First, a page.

Yet is currently it takes two weeks to diagnose cancer in Britain via a blood test or tissue sample.
Already tests on the new saliva method have produced near perfect results, and it is hoped that it could be implemented in public settings by 2020.
Additionally, Professor Wong believes that it will be possible for the test to be used to detect numerous types of cancer, including pancreatic cancer which has “no effective early screening capabilities”.
Prototypes of the saliva test are being made and will be tested in China and Europe this year. They will need to be given regulatory approval before going on sale in the UK.
Dr Áine McCarthy, Cancer Research UK’s science information officer, was enthusiastic about the new technique.
“Developing new techniques to diagnose cancer earlier is an important part of global efforts to tackle the disease. Detecting tell-tale signs of cancer in blood, saliva or urine, instead of taking tissue samples, is one area that’s showing a lot of promise and could speed up diagnosis. Researchers are working to get these tests ready for routine use – it’s crucial to understand how accurate they are and how doctors can best use them alongside current scans and tests.”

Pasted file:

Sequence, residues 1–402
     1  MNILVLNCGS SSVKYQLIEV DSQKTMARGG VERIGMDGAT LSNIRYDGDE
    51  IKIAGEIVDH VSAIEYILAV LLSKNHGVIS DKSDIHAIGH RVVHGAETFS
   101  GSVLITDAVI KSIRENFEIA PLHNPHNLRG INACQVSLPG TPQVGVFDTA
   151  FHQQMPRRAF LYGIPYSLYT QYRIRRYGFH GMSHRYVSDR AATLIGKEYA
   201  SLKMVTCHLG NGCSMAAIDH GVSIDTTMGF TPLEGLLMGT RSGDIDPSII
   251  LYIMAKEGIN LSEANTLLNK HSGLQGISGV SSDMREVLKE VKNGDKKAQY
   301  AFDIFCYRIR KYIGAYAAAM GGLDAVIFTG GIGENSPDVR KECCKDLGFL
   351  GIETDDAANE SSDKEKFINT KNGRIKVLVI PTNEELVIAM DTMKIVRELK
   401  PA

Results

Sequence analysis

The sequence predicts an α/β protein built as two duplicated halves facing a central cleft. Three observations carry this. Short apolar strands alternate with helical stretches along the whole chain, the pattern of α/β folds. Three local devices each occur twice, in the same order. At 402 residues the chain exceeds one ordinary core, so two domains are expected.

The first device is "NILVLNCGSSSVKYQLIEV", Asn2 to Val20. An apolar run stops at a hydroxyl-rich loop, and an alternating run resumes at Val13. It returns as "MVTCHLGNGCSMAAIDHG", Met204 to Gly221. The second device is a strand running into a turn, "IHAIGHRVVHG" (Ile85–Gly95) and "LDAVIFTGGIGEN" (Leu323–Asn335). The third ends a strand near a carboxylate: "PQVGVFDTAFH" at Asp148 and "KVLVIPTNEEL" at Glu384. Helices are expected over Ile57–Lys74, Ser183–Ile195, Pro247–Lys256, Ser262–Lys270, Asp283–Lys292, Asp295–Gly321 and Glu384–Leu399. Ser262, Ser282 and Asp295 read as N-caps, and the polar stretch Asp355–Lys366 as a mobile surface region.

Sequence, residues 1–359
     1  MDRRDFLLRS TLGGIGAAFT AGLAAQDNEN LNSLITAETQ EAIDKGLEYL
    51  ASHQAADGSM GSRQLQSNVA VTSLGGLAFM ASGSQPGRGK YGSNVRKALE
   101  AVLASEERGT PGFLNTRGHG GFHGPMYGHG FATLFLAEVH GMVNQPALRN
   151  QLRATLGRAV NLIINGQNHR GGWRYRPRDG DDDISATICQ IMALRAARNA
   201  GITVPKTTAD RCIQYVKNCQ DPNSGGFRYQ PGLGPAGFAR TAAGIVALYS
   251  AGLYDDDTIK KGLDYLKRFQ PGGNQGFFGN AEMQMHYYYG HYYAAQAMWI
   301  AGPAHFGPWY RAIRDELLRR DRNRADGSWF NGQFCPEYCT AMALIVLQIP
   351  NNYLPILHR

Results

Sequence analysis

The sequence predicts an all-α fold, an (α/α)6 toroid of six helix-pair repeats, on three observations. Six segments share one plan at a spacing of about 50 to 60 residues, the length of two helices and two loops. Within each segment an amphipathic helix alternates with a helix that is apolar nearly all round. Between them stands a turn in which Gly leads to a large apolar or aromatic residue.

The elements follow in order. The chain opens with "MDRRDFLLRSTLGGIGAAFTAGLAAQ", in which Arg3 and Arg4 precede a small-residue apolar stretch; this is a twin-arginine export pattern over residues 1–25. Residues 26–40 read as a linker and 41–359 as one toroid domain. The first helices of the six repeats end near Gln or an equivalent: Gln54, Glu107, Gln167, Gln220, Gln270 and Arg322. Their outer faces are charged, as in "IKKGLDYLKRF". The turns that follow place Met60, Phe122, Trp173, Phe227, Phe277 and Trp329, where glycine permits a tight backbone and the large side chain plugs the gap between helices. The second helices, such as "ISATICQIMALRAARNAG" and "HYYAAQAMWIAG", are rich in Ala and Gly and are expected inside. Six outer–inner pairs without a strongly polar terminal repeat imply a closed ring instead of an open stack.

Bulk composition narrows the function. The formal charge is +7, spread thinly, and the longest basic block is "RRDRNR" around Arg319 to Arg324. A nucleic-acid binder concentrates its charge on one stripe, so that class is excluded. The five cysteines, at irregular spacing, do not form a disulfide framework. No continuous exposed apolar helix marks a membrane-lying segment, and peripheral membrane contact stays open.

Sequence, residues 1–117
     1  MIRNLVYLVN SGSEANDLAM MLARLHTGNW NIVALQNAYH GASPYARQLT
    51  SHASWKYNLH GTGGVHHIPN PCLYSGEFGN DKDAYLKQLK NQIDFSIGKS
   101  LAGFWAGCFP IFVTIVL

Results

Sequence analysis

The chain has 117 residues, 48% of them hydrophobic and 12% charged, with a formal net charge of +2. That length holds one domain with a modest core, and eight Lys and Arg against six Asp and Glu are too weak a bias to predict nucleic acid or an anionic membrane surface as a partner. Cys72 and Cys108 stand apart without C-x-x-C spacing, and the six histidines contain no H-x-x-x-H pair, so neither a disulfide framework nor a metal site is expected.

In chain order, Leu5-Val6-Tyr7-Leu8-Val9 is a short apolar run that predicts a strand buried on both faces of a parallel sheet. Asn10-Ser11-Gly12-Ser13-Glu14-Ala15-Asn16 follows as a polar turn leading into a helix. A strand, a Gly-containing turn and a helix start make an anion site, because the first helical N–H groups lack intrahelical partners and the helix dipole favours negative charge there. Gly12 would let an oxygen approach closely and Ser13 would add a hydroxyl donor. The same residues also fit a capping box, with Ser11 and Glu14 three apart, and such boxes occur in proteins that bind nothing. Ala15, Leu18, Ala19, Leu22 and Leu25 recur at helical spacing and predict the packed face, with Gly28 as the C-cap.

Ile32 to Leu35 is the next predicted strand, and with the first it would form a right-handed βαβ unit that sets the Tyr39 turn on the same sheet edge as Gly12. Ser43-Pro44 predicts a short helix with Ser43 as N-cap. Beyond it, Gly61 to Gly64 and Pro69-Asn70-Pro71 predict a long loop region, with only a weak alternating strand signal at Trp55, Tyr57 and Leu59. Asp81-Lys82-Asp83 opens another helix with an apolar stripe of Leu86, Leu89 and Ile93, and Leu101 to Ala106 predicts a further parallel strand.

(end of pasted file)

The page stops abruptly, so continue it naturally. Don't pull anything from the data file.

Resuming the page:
A disturbing survey suggests that parents’ concerns about cancer in children is not being adequately responded to by GPs.
Nearly half of parents whose children were ultimately diagnosed with cancer felt that their worries about the issue were ignored by doctors.
In addition, over one-third felt that the diagnosis of their child’s condition was significantly delayed, with 50% of these people believing that this ultimately had a significant impact on prognosis.
In response to the figures, cancer charity CLIC Sargent, which conducted the research, is calling for the government to ensure better training and guidance for professionals who care for children before diagnosis.
The figures were based on a survey of 333 people – 147 young people aged 16-24 and 186 parents.